http://realserver1.jpl.nasa.gov:8080...m?mode=compact



    (Images courtesy Holger Isenberg) http://mars-news.de/


    ------------------------------------------ JPL--------
    NEWS RELEASE: 2003-050

    Mars Mysteries Revealed in Two Public Lectures

    Two free public programs in Pasadena next week offer an overview of
    the historic Mars Global Surveyor mission.





    Dr. Terry Martin, planetary scientist and member of the Mars Global
    Surveyor science team, will discuss and display imagery, charts and
    scientific findings as he chronicles the adventures of the one
    spacecraft that has returned more data about Mars than all other
    missions combined. The first lecture will be held on Thursday evening,
    April 17, at NASA's Jet Propulsion Laboratory, and the second on
    Friday evening, April 18, at Pasadena City College.




    ==================================================
    Transcript.
    19:47:52

    ==================================================
    "...And then there's,uh,"Strangeness"
    and uh,
    I bring up this uh, so called "Face on mars".
    not to talk about it as a "Face"
    but to talk about it is a Geologically Interesting Place.
    because -"What is this edge that we see?"
    What is this...this "funny business" here,and also, here.

    It turns out that the Sun is shining from the left and the, uh,
    the feature is pretty much where you don't have Sun.
    It's on the uh,,the North facing side of this,uh," Hill."

    And people have talked about this possibly being a,an old snow deposit.
    that snow has been covered over by dust,
    so it looks the same brightness as everything else.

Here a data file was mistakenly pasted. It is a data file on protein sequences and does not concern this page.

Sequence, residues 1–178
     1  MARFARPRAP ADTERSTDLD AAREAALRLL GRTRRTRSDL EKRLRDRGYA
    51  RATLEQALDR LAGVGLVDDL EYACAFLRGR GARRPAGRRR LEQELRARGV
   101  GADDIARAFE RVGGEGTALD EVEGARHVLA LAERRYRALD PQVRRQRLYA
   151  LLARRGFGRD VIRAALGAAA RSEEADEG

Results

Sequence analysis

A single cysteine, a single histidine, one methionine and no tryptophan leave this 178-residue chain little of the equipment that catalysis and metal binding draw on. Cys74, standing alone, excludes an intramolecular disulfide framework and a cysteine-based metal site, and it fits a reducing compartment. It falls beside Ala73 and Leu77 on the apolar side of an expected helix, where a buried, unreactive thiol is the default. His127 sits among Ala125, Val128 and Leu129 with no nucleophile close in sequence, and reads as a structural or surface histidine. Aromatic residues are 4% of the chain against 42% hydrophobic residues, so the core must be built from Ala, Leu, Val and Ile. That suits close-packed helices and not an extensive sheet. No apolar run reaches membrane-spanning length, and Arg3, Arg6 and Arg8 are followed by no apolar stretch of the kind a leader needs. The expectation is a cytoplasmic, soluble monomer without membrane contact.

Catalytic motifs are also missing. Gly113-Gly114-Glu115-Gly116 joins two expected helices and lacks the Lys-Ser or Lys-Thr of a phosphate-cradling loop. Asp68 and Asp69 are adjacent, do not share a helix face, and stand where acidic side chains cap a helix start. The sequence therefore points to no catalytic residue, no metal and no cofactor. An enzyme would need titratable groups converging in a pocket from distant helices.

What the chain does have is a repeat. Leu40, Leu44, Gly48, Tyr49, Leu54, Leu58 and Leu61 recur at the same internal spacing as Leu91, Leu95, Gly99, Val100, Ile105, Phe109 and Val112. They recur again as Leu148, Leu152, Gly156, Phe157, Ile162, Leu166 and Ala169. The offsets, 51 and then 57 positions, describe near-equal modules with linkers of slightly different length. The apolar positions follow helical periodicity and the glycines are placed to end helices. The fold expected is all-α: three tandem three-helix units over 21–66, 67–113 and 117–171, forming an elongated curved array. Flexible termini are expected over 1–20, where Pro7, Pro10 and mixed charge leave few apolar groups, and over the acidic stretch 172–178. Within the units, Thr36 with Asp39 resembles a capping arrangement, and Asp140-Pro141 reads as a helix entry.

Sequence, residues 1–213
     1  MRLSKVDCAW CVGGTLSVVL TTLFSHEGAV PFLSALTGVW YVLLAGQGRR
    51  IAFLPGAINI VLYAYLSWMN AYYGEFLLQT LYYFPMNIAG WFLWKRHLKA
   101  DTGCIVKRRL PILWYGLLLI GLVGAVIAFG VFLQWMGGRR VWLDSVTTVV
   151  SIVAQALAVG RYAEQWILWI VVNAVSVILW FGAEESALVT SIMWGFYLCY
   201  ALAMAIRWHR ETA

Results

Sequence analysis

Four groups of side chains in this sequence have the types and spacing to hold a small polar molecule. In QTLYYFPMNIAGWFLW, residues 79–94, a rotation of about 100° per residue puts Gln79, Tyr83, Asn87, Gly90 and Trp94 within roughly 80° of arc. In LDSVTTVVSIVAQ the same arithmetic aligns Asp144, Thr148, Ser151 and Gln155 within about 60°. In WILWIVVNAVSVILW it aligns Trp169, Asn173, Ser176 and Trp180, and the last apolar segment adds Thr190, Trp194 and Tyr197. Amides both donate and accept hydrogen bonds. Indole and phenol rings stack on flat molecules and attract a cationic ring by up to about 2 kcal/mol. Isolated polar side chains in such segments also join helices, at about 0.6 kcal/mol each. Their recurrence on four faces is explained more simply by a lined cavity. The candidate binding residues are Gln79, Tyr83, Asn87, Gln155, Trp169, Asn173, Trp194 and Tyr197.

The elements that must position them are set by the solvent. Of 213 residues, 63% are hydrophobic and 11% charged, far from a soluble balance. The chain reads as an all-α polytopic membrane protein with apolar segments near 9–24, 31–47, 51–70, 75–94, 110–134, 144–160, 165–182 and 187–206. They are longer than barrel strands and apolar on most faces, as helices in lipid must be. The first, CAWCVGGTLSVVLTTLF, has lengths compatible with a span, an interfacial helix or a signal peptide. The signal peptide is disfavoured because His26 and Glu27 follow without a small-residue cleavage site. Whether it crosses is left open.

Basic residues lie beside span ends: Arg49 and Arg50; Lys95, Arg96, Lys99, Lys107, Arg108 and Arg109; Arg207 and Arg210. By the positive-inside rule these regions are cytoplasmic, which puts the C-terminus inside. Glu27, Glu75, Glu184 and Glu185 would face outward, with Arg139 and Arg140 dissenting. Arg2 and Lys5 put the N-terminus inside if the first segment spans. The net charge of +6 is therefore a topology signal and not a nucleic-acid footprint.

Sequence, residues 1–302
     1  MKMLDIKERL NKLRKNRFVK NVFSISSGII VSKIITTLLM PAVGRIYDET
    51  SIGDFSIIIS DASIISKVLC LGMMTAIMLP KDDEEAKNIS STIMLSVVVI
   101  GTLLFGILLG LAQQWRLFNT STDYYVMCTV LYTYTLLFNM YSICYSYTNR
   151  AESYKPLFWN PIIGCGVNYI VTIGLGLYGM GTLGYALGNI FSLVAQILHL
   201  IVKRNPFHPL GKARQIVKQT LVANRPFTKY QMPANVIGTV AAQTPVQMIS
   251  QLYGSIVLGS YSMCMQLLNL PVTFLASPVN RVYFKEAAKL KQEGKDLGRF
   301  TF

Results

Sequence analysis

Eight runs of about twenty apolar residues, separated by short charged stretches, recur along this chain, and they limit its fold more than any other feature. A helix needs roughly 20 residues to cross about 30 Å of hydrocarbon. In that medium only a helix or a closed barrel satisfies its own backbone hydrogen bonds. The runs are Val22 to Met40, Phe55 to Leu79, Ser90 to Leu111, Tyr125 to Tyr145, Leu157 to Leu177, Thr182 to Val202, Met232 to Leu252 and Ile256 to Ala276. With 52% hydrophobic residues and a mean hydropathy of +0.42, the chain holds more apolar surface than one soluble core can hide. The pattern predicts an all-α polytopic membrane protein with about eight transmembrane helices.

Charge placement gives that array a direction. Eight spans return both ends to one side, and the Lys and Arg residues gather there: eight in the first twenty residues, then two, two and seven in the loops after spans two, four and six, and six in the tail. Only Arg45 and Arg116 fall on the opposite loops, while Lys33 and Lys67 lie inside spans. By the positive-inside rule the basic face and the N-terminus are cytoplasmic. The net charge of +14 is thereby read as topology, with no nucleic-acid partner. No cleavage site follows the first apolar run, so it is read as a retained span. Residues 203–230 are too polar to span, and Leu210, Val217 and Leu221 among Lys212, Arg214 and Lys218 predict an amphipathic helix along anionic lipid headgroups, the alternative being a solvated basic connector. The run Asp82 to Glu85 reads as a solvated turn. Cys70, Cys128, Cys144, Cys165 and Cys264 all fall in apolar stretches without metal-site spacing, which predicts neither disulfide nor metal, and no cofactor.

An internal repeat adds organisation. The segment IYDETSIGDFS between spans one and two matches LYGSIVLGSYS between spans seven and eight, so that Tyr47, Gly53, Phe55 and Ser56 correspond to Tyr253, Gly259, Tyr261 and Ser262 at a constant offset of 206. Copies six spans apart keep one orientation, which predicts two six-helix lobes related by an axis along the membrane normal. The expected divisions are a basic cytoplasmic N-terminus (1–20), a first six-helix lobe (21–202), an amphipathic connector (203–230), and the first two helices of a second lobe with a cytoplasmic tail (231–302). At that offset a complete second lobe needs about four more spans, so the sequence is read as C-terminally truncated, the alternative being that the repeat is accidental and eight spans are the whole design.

but it's receded from the top by the action of the Sun.
    and so it is ,uh,hiding from the Sun basically but,
    surviving,uh, under this dust layer.
    Sort of an insulating layer, and we see a lot of this "Stuff"
    uh, in moderate latitudes,it's not at the polar caps,
    this is down at,uh, 40 degrees,or so, latitude.

    So again...
    Water in places that are interesting,
    and, if you were a Creature,
    perhaps,uh, you know,
    this Latitude would be more comfortable.
    and yet there's this Water handy for you,uh, to make a Living.
    ================================transcript:EA===== ===

    ==================================================
    The following is an exchange from Holgers Thread/////
    http://www.anomalies.net/cgi-bin/bbs...=005486&p=

    Holger Isenberg

    quote:
    Originally posted by ELECTRIC____ASHALAR:
    = 19:47:52

    --------------------------------------------------------------------------------

    "Haha! Thanks EA!
    I was myself searching for 19.47 or 39 or 41/9 correlation in the video timeline, but forgot the most obvious, the local time ;-) "

    Holger.
    The Lecture on April 17th has MORE to say...
    You want a 41/9 connection???

    HOWS THIS!9/41/0015
    http://cmex-www.arc.nasa.gov/CMEX/da...ndar/main.html

    Face Segment = 19:47:52